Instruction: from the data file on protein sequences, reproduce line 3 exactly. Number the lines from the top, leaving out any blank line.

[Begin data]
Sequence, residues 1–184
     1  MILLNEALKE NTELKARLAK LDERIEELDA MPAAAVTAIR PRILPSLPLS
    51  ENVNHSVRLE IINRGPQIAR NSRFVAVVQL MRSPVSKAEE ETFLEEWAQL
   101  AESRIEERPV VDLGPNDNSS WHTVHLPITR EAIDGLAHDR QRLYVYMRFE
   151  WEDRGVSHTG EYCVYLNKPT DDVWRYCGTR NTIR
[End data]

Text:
    51  ENVNHSVRLE IINRGPQIAR NSRFVAVVQL MRSPVSKAEE ETFLEEWAQL